Weather

Don’t let the rain spoil your fun. Check out indoor things to do in Myrtle Beach

Beach hazards issued in Horry and Georgetown counties

Here's a look a the surf on 77th Avenue North in Myrtle Beach on Monday, July 23, 2018.
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Here's a look a the surf on 77th Avenue North in Myrtle Beach on Monday, July 23, 2018.

The National Weather Service is warning about hazards that create “life-threatening conditions” in the surf zone this week and showers and thunderstorms hit the Grand Strand.

But just because the weather is a bit dreary for the beach doesn’t mean there aren’t other things to do around the Myrtle Beach area.

If a movie and popcorn makes you happy on a rainy day, check out show times at the Grand 14 theater at Market Common.

Want to spend the day at an indoor mall? Here are several locations along the Grand Strand:

  • Coastal Grand Mall, 2000 Celebrity Circle, Myrtle Beach

  • Inlet Square Mall, 101125 Hwy. 17 Bypass, Murrells Inlet
  • Myrtle Beach Mall, 10177 N. Kings Highway, Myrtle Beach

Have an adults’ day at Dave & Buster’s, 1322 Celebrity Circle, with games, food and drinks, and even a sports lounge. Opening at 10 a.m. each day, the Broadway at the Beach location offers happy hour specials, weekday specials and 20 percent military discounts every day.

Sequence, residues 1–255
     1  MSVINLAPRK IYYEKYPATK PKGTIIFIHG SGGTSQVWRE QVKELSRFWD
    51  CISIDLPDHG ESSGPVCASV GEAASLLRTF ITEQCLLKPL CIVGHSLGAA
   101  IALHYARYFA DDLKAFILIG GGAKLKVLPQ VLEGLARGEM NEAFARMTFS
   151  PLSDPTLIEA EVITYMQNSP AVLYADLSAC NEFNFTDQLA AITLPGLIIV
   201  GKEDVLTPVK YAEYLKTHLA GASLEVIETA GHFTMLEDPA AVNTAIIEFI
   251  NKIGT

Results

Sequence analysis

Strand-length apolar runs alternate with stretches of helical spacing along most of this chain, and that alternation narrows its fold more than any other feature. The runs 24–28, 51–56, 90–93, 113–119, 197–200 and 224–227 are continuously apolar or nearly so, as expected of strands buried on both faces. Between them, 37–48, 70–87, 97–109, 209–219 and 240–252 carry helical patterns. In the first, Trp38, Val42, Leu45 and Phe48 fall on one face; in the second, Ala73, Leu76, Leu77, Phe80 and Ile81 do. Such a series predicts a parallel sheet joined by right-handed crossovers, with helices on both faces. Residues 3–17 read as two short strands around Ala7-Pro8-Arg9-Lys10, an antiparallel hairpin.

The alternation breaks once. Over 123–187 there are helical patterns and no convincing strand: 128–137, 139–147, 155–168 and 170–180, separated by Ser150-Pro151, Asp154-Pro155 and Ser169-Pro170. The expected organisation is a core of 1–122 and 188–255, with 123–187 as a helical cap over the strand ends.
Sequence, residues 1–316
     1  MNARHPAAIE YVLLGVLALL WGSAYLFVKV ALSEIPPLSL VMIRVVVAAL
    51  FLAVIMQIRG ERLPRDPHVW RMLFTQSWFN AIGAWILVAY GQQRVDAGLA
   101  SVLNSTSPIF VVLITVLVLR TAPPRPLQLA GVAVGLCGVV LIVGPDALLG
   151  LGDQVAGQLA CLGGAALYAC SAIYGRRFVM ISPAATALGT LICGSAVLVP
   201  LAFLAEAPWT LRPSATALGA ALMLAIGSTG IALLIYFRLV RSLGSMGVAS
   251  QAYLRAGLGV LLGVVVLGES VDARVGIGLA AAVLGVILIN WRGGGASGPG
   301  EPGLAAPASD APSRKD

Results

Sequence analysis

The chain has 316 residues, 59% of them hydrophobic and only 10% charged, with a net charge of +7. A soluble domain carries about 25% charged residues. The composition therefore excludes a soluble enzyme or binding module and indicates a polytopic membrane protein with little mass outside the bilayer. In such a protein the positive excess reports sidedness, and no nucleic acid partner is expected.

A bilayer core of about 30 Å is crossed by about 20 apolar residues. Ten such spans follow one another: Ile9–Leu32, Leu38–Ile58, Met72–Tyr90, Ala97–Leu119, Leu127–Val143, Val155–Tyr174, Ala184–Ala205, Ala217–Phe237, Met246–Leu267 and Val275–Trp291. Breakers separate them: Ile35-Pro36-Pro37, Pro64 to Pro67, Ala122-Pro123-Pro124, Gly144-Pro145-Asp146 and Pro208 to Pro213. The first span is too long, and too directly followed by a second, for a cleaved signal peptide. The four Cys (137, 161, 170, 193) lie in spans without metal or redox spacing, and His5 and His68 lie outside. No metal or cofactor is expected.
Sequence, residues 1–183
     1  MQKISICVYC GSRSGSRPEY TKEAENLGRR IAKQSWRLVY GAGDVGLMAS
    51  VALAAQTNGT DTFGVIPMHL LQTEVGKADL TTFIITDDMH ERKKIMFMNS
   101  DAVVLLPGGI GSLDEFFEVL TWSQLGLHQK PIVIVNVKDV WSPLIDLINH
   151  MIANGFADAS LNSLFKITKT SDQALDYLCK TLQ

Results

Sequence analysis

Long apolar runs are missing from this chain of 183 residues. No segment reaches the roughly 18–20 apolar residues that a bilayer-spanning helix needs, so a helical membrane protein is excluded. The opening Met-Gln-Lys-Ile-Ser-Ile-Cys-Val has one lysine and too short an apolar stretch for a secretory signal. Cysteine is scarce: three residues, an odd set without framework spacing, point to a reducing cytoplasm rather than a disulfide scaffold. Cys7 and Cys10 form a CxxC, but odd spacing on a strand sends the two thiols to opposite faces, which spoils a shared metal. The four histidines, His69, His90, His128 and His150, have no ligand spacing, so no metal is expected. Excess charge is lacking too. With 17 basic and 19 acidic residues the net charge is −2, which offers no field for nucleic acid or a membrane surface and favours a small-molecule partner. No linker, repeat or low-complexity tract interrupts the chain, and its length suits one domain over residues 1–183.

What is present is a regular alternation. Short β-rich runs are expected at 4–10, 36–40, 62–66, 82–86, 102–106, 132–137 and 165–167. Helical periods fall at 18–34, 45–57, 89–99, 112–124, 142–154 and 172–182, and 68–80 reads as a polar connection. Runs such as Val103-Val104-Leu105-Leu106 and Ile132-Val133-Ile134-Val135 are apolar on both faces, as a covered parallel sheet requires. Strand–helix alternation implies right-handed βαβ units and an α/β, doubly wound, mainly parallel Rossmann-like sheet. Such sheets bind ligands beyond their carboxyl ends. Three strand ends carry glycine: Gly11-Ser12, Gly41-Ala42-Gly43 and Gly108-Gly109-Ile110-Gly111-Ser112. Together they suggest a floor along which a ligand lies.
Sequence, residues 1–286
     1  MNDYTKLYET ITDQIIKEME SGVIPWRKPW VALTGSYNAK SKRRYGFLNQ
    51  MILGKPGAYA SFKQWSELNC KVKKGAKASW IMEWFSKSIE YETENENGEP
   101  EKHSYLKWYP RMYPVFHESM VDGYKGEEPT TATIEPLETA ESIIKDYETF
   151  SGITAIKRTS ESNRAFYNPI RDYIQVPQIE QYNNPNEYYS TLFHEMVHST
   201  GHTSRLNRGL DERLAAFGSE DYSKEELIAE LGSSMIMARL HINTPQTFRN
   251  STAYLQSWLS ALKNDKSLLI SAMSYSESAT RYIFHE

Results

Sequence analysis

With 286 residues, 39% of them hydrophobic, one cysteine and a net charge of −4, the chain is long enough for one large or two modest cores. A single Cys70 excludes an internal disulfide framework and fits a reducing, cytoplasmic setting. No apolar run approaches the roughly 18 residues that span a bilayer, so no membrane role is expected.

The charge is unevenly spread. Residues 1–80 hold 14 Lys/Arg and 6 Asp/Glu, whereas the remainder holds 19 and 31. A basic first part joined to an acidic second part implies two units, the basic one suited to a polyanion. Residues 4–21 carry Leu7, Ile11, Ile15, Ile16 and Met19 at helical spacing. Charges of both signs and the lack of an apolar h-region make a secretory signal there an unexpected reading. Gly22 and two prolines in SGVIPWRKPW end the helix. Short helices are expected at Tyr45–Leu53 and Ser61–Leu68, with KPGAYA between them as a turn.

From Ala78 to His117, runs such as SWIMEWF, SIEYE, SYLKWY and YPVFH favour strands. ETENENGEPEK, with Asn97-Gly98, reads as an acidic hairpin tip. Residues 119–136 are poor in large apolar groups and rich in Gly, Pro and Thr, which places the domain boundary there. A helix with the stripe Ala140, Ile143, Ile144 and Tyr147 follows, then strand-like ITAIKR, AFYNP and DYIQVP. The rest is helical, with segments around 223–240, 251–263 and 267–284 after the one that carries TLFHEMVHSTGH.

If you’d rather have a relaxed day, sipping on wine, visit Duplin Winery, 4650 Hwy 17 S., North Myrtle Beach. Enjoy this summer’s newly released wines — the Coastal Shag and Summertime Strut.

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A view over the southeast on Tuesday, July 24, 2018. Courtesy of National Oceanic and Atmospheric Administration (NOAA)

Here are a dozen more things to do when the rain intrudes a vacation.

The National Weather Service reports a high risk of rip currents in Horry and Georgetown counties throughout Tuesday, as well as a surf height of four feet.

If you get caught in a rip current, the NWS says to yell for help, remain calm, do not exhaust yourself and stay afloat while you wait for help. Swim parallel to the shoreline to get out of a rip current, and back to the beach when possible, the NWS said. Swimming directly against a rip current will tire you quickly.

Hannah Strong: 843-444-1765, @HannahLStrong

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